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Spring 2019 Courses — Public Policy Program 

PUPOL 100: Introduction to Public Policy

PUPOL 100 is an interdisciplinary course designed to introduce students to basic concepts in policy studies. It is taught by faculty from different disciplines. It will acquaint students with public policy as a field of study, the basic elements of the policy-making process, and a variety of approaches for applying distinct modes of analysis (political, economic, demographic, statistical, qualitative, normative). In addition to a textbook and select articles that have defined the field, the course uses practical case studies that address a range of policy problems. This course is open to students who declare the Public Policy Minor.

Section 1: Monday/Thursday 1:10-2:25pm with Joyce Miller

 

PUPOL 400: Public Policy Capstone Seminar (2 sections)

Roosevelt House’s Public Policy Capstone course serves as the culminating educational experience for students pursuing the 18-credit Public Policy Minor and/or 27-credit certificate. During this semester-long seminar, each student develops a substantive project that integrates the practical skills and topical knowledge learned in the Public Policy Program. The Capstone presents students the opportunity to go in-depth with real-world policy questions and ideas, with the aim of discovering, developing, and refining individual policy interests and goals.

Section 1: Wednesday, 10:10-1:00pm with Shyama Venkateswar, Director, Public Policy Program and Distinguished Lecturer, Hunter College

Section 2: Wednesday, 10:10-1:00pm with Robin Templeton

 

GEOG38311: Health Equity in the United States: Policies and Politics

This course will explore how to transform the current federal, state, and local regulatory and operational framework from one that focuses on “sick care” to one that keeps patients and their communities healthy. The emphasis will be on integrating the “social context,” i.e. social determinants of health into care delivery, and developing policies that blend public health, health care, and human services to address the whole patient. The course will also consider how best to align incentives for patients, payers (commercial and government), care providers, community-based organizations, and pharmaceutical companies. Case studies will examine vulnerable communities, including those who are homeless, involved in the criminal justice system, and undocumented immigrants.

Section 1: Wednesday, 9:10-12:00pm with Ram Raju, MD, Senior Vice President and Community Health Investment Officer, Northwell Health

  

URBS403.1O: Research Practicum: Income Inequality and Poverty in New York City and the United States

This course is designed to provide students with an opportunity to develop their ability to conduct data analysis. Prerequisites for the course are introductory courses in micro-economics and statistics. Students will learn how to work with large micro-data sets using SPSS or STATA. Students will also further their expertise in statistical methods. In addition to these “nuts and bolts” skills, students will grapple with the challenges of interpreting the results of data analysis. What can a researcher responsibly claim his or her analysis has established?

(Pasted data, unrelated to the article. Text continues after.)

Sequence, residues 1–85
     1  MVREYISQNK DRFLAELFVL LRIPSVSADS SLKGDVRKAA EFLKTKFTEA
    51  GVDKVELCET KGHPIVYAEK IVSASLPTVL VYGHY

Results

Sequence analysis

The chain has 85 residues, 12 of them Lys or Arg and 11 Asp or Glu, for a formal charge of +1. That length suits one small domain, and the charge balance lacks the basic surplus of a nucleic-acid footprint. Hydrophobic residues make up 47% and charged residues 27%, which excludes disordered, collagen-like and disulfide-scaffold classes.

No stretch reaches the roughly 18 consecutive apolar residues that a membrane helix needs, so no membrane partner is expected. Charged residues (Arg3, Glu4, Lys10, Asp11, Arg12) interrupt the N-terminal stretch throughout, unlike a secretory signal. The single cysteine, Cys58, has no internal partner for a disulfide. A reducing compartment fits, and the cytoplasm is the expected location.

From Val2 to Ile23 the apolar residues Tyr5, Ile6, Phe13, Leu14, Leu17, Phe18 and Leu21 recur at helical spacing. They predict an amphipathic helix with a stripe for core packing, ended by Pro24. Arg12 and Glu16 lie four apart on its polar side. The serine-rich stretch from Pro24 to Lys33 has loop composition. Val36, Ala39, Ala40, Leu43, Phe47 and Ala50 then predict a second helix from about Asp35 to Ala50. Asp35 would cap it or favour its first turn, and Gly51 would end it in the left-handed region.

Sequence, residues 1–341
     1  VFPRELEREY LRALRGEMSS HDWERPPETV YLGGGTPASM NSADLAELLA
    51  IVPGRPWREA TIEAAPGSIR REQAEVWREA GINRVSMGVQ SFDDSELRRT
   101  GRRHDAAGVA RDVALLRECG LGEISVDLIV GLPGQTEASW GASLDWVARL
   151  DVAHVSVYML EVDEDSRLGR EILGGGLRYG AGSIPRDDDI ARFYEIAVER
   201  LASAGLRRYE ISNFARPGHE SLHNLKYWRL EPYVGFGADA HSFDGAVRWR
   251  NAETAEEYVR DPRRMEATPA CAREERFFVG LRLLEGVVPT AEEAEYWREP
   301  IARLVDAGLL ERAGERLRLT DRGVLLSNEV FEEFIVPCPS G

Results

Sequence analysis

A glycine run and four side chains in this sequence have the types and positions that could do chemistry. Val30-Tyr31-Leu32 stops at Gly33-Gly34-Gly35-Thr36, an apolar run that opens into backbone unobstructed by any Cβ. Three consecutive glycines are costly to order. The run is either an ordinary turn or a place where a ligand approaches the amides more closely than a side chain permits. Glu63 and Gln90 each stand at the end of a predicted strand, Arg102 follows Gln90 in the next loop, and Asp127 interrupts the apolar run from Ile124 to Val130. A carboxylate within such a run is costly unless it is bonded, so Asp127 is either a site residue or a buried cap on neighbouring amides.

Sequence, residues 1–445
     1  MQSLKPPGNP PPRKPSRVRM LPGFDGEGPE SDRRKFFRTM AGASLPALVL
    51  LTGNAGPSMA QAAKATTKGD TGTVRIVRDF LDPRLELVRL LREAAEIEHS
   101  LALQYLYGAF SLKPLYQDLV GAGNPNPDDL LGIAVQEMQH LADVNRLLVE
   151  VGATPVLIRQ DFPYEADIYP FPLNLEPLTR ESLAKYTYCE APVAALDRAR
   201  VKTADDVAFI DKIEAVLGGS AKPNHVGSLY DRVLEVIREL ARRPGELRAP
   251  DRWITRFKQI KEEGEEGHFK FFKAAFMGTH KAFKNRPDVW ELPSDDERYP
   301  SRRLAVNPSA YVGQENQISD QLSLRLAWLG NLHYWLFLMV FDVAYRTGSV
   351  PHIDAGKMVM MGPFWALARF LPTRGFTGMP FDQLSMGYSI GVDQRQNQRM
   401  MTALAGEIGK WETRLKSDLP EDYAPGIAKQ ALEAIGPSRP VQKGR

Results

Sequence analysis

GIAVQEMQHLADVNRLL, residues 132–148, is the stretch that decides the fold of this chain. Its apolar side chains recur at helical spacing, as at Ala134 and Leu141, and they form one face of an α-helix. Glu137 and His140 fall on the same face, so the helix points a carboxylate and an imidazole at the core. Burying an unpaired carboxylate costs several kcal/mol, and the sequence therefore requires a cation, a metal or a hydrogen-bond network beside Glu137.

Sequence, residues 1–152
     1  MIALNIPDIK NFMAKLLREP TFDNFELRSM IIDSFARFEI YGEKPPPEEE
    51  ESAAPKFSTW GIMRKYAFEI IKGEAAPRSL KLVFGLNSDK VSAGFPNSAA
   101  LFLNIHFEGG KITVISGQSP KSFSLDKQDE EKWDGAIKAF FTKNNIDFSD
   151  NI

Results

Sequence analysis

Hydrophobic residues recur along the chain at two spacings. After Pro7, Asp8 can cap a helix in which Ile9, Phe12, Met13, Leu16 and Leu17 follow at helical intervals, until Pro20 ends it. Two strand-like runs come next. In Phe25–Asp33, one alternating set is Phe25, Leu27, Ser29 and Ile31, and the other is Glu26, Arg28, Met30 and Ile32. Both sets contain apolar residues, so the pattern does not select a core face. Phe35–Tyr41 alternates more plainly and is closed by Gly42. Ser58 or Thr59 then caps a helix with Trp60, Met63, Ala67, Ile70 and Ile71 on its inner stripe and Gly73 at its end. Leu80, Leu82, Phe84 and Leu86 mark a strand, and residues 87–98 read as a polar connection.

Section 1: Tuesday, 4:10-7:00pm with Eri Noguchi, Chief Program Officer, Association to Benefit Children

 

MEDIA399.19: Changing Media Landscape: United States Policy and Politics

The splintering of the Old Guard media establishment, the ascent of social and non-traditional media platforms, and the ever-changing, 24/7 news cycle has fundamentally transformed the American political landscape and the way Americans digest and analyze the news. This course will serve as an introduction to these dramatic shifts that have reshaped American politics and how public officials communicate and implement policy. Using key moments since 9/11 as the narrative framework for the course, from Hurricane Katrina and the financial crisis to Obamacare and the election of President Trump, the course will survey and analyze the media’s impact on American politics. The course will also examine the fundamental question: what’s next? This course will focus on critical thinking about the state of our Democracy and which technologies and communications tools will play a central role in the upcoming political and policy debates.

Section 1: Monday, 4:10-7:00pm with Rob O’Donnell, Founder, 38 Paces

 

ECO395.99: Demography and Economic Policy: United States Policy and Politics

A general introduction to economic demography, addressing the following kinds of questions: What are the economic consequences of immigration to the U.S.? Will industrial nations be able to afford the health and pension costs of the aging populations? How has the size of the baby boom affected its economic wellbeing? Why has fertility been high in Third World countries? In industrial countries, why is marriage postponed, divorce high, fertility so low, and extramarital fertility rising? What are the economic and environmental consequences of rapid population growth?

Section 1: Thursday, 4:10-7:00pm with Monica Deza, Assistant Professor of Economics

 

NFS 36100: Food and the Consumer

This course is a broad introduction to food policy, which includes written laws and regulations, as well as the decisions and actions by government agencies, institutions, organizations, industries, and consumers that influence the production, distribution and consumption of food.

Section 1: Thursday, 4:10-6:40pm with Charles Platkin, Executive Director, New York City Food Policy Center at Hunter College